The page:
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Today’s News is So Cliche

If you are one of the lucky ones who never noticed the over-reliance on the following words, consider your days of naivete now permanently over.

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The news can cause your blood pressure to skyrocket, in more ways than one. Especially if you are someone who values and cherishes precise use of the English language.

Like fingernails across a chalkboard, avid news consumers have become accustomed to, and increasingly annoyed by, the same old, worn-out cliches.

There is no doubt that you have heard these phrases and words used over and over. Probably a hundred times in the past week. In fact, they are so prevalent that you may not even notice their non-stop overuse by television and radio talking heads, analysts and guests.

If you are one of the lucky ones who never noticed the over-reliance on the following words, consider your days of naivete now permanently over. 

Not that using these phrases and words make you a bad person, or even a subpar news broadcaster. It’s just that your audience has been irked by them for far too long. 

They may not be bothered enough to tune you out, although it now provides them a clarifying opportunity to separate the broadcasting wheat from the chaff.

So here is a list, albeit not a complete one, of some of the most bothersome, annoyingly-overused crutch words and cliches heard every day across the broadcast airwaves.

“Um”, “ah”, “you know” – These are the classic of all classic crutch words. Since the first time a mic was powered on, we’ve heard these words sprinkled into broadcasts, by talent across all levels. Non-discriminating and quick to jump out, these common culprits have stood the test of time.

“It was…um…quite a scene on 2nd Avenue today, when….ah….police cornered the armed suspect who, you know, was ready for a fight.”

Essentially – Seemingly a favorite of the new woke, millennial crowd, this flavor of the week appears everywhere a host, guest or analyst wishes to instill a sense of his or her intelligence.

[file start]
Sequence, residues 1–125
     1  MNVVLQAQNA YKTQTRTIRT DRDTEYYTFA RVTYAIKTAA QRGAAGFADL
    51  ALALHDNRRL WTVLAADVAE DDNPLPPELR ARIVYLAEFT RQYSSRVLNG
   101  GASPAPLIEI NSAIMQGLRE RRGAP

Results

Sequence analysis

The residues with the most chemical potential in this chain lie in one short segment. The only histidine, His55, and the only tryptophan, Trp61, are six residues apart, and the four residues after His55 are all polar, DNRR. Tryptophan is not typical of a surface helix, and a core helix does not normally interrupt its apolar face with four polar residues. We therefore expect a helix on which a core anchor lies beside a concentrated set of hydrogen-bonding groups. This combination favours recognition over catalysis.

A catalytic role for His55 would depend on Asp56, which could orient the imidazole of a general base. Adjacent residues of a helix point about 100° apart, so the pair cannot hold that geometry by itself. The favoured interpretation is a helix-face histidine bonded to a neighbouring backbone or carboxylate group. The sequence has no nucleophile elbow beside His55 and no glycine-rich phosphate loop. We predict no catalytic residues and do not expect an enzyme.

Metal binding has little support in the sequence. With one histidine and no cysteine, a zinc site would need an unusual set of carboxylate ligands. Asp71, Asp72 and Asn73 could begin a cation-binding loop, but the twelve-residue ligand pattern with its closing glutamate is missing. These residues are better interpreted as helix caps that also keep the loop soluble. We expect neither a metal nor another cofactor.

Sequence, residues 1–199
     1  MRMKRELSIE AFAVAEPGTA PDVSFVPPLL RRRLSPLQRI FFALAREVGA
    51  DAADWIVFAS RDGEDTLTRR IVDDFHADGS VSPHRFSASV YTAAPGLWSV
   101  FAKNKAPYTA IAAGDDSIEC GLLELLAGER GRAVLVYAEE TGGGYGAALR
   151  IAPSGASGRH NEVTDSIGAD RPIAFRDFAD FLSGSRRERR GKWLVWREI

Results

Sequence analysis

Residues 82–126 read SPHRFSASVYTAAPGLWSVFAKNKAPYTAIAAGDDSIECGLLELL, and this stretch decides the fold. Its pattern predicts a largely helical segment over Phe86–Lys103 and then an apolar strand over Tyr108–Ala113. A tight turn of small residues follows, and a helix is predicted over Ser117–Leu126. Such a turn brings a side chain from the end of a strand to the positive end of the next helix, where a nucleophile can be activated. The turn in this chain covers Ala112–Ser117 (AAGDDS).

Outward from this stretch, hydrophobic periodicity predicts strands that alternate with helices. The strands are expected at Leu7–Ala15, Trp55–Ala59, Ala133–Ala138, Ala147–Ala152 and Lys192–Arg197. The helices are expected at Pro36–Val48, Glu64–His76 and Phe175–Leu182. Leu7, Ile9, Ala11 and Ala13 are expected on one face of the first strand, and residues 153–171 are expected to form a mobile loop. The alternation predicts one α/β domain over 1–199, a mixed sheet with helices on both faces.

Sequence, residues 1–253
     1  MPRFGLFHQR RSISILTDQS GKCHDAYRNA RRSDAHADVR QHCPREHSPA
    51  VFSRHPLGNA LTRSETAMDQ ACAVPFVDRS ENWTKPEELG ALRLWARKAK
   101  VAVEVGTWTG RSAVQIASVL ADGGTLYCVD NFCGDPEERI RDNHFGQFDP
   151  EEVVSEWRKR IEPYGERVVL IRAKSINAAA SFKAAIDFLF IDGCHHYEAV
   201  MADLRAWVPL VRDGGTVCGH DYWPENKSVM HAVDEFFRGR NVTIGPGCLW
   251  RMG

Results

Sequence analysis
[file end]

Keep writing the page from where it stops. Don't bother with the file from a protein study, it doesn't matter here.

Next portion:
“Well Jim, essentially what this move does is put Tesla in a position of power. Essentially they are the leader in new technology, with Elon Musk essentially lighting the way across a new, essentially endless universe.”

Yeah, no – It’s difficult to know what this phrase actually means when it is used. Usually, a guest uses it to start a response to a question. The real question, though, is does in mean YES or does it mean NO? Or does it mean both? And if so, why combine both the positive and negative when simply one would do the trick?

“Isn’t it true that this government spending has to stop, Joe?”

Yeah, no, Sally, we’re mortgaging our kids’ future with every dollar we spend on social engineering garbage.”

So…. – This one is straight forward. For some reason, may guests feel obligated to start their answer to a question with “So”. It doesn’t really fit at the beginning of a sentence, but this has been a common way of beginning an answer to a question for about five years, when it emerged as a top crutch word for champions in all walks of life. Most notably, this has become a go-to in the corporate world, making appearances in lectures, earnings calls, media programs and corporate gatherings.

“What is your biggest product development going to be this year?”
So….we’ve got a truly deep and revolutionary pipeline…..”

Right – This self-affirming word has been popping up on the air for about a half a decade now, and it still doesn’t quite fit. It would be fitting to use this word as a questioning technique, at the end of a sentence. However, it is now interspersed in monologues, responses and commentary, seemingly adding nothing to the overall feel of the conversation. To many, the use of this word makes the speaker sound rather obnoxious.

“This is a big year for the party, right. They need to prove they can govern, right, rather than just be the opposition. Now is the time to put results or face the consequences, right.”